The Take

Obama and Petraeus: A wary relationship

"Obama's Wars," released Sept. 27, 2010, recounts how the president crafted his own strategy for a way out of Afghanistan.
Dan Balz
Washington Post Staff Writer
Friday, October 1, 2010; 12:03 PM

Everyone believes the most important relationship in Washington next year will be between President Obama and House Republican Leader John Boehner. A case can be made that equally important will be the relationship between the president and his commander in Afghanistan, Army Gen. David H. Petraeus.

Bob Woodward's powerful new book, "Obama's Wars," underscores the delicacy of the relationship between Obama and Petraeus by highlighting the tensions that have long existed between the two ambitious and competitive men.

In Petraeus, Obama is dealing with perhaps the most recognized and acclaimed general of this generation, a skillful bureaucratic infighter who also has an almost unique ability among senior military officers to communicate outside normal channels through the media.

Woodward offers this example. At one point during the Afghan review, Petraeus awoke to a newspaper column critical of the counterinsurgency strategy. To counter the criticism, he phoned another columnist to make the case for it. "Obama and several of his staffers were furious," Woodward writes. "It angered Obama that Petraeus was publicly lobbying and prejudging a presidential decision."

Obama and Petraeus have dealt with one another warily since the president was a candidate. Obama was a vocal opponent of Iraq war, opposed Bush's troop surge policy and favored a fixed timetable for withdrawing troops. Petraeus was seen as Bush's favorite general and the architect of the strategy employed under the surge policy.

Their first meeting came in the July 2008 when Obama was visiting Iraq as a candidate. They were photographed together in a helicopter. Both were smiling, but their meeting was a standoff. Petraeus made the case for the surge and for flexibility on withdrawing troops. Obama said that, if he became president, he would deal with Iraq in a broader context, meaning he would listen to Petraeus's advice but not necessarily take it.

Both can claim they got their way on Iraq. The surge was judged a success, adding to Petraeus's prestige. Obama has been grudging about acknowledging that he misjudged its potential to reduce the violence. But Obama was able to announce in August that he had kept his campaign promise to remove all combat forces.

They are now comrades in arms in Afghanistan, looking toward a July 2011 deadline that is supposed to begin the drawdown of U.S. forces there. The coming year could bring a test of wills between a strong-minded president determined to avoid a lengthy commitment in a war that is already nine years old and a strong-minded general who does not want to be rushed by deadlines or timetables to accomplish what he has set out to do.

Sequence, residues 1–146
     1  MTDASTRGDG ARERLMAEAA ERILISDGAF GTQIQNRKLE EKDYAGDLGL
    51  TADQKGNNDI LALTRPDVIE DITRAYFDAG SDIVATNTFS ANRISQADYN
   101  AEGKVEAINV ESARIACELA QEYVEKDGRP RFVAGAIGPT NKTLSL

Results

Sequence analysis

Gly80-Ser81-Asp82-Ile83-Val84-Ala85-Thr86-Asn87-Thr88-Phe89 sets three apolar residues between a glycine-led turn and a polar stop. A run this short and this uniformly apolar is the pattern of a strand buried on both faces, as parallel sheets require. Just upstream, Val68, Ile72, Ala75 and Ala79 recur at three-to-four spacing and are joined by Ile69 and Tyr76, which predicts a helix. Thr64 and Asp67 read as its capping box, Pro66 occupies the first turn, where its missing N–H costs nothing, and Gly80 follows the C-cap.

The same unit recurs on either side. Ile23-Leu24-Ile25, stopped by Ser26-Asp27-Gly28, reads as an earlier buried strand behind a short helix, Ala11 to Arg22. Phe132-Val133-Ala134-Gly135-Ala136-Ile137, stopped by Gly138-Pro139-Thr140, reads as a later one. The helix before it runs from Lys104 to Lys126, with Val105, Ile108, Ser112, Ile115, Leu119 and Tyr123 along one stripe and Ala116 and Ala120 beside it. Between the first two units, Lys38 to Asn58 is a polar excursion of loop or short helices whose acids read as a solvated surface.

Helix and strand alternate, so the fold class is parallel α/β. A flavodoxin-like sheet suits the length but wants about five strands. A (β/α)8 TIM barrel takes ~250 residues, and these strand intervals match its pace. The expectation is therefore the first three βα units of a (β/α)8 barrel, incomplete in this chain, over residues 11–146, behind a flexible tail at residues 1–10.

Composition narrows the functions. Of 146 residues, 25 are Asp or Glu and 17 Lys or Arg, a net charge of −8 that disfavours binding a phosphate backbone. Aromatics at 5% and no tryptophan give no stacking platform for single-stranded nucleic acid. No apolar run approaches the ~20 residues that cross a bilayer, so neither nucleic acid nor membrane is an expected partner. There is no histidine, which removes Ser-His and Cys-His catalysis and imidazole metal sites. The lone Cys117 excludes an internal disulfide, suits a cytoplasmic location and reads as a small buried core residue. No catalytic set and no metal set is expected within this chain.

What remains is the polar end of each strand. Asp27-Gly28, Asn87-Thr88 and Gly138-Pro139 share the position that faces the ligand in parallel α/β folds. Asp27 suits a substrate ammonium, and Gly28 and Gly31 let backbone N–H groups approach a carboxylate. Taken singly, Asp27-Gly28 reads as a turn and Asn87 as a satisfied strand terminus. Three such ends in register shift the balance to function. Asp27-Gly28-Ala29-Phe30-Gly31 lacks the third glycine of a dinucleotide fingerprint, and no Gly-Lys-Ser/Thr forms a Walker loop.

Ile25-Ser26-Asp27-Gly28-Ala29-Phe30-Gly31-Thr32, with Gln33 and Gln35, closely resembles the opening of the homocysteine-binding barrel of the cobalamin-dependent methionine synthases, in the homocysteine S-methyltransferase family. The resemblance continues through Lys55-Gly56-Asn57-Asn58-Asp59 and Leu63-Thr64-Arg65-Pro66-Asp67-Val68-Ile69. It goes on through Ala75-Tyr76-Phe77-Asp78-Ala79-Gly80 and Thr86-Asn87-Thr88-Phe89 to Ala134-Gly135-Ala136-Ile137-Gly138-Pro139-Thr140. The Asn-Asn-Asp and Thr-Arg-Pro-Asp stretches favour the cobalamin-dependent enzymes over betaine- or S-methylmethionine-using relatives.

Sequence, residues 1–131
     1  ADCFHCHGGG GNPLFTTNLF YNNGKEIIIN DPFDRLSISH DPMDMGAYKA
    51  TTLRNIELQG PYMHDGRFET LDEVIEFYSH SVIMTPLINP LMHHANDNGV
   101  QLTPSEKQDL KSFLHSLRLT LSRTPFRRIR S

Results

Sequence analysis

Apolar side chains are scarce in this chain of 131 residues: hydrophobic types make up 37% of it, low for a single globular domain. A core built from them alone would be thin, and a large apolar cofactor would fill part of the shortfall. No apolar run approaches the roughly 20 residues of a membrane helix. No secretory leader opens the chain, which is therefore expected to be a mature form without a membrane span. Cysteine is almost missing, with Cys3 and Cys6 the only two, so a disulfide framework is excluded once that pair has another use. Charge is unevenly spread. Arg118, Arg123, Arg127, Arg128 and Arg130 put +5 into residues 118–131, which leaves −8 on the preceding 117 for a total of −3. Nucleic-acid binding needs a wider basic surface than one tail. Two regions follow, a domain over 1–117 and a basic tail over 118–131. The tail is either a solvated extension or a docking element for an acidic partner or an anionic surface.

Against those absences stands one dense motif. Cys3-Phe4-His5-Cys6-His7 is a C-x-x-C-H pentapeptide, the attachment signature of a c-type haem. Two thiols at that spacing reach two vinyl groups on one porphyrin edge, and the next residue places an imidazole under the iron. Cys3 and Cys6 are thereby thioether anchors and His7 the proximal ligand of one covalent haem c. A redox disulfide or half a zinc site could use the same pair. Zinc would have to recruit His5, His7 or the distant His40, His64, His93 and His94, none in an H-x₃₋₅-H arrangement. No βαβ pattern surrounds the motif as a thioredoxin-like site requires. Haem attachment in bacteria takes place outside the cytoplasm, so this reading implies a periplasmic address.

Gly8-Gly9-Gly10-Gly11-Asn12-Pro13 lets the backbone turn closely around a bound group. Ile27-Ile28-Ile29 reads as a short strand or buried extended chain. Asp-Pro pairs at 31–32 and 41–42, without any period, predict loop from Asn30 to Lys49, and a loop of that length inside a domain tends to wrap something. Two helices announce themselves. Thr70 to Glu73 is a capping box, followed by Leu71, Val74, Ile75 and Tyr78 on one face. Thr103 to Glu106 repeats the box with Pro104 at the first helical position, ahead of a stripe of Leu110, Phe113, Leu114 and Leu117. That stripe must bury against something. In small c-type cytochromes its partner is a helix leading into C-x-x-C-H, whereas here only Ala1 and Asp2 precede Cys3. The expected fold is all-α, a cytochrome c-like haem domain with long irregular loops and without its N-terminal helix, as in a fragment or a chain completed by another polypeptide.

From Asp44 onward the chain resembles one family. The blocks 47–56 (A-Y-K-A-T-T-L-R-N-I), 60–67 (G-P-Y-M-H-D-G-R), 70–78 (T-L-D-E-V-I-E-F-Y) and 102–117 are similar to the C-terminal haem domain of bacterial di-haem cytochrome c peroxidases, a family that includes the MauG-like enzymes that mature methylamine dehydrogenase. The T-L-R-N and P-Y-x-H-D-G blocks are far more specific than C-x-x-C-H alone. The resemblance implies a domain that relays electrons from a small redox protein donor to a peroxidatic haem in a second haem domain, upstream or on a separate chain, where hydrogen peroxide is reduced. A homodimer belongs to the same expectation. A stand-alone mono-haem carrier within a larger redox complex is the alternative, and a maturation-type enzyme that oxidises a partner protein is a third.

In Iraq, Petraeus was the face of the surge policy, in large part because no one else in the government at the time, especially Bush, had the public credibility to do so. It's doubtful Obama wants Petraeus to be so dominant a figure with regard to Afghanistan.

That Obama and Petraeus find themselves in this position is, of course, an accident of history. Army Gen. Stanley McChrystal was to have been the commander in Afghanistan, with Petraeus commander of the U.S. Central Command. But damaging comments by the general and his aides in a damaging Rolling Stone article forced Obama to relieve him of his command.

Obama turned to Petraeus to take over in Afghanistan, in essence asking the general to take a demotion for the good of the country. It was regarded as a brilliant choice at the time and quickly doused a potentially larger controversy over Obama's relationship with the military.

But the irony was not lost on some of the president's closest advisers that, while Petraeus was the ideal person to replace McChrystal, he could present a more formidable obstacle to Obama in his desire to make next summer a genuine turning point in the U.S. mission in Afghanistan.

The damning portrait Woodward draws in his book is of a White House team constantly at odds with the military and a president repeatedly frustrated by what he and his advisers saw as the military's effort to thwart his requests.

Obama's ultimate decision called for a major escalation in the U.S. effort, sending 30,000 more troops to Afghanistan. At the time, the number of troops was close enough to the 40,000 originally requested that it looked like Obama had yielded to the generals. Woodward's book helps explain why, at the time, White House officials regarded the decision as the president resisting efforts at railroading by the generals.

The White House and the Pentagon have sent conflicting signals about the July 2011 deadline. Military officials, including Petraeus, have suggested there is considerable wiggle room. The president and Vice President Biden have tried repeatedly to suggest there will be big changes starting next July.

Obama and his team know that the Democratic base is already unhappy with the commitment to Afghanistan. What they need from Petraeus is both demonstrable success in a war that has not gone well and the assurance that he can vouch for the start of a genuine handoff to the Afghans. What is not known is what assurances Petraeus may have asked for in terms of making the decision as conditions-based as he likes.

Bush administration officials came to regard Petraeus not only as skilled inside player but ultimately a team player as well, despite his reputation for attracting attention to himself. That would suggest that come next summer he will find a way to satisfy his commander-in-chief - but perhaps not before another tense struggle with the White House.

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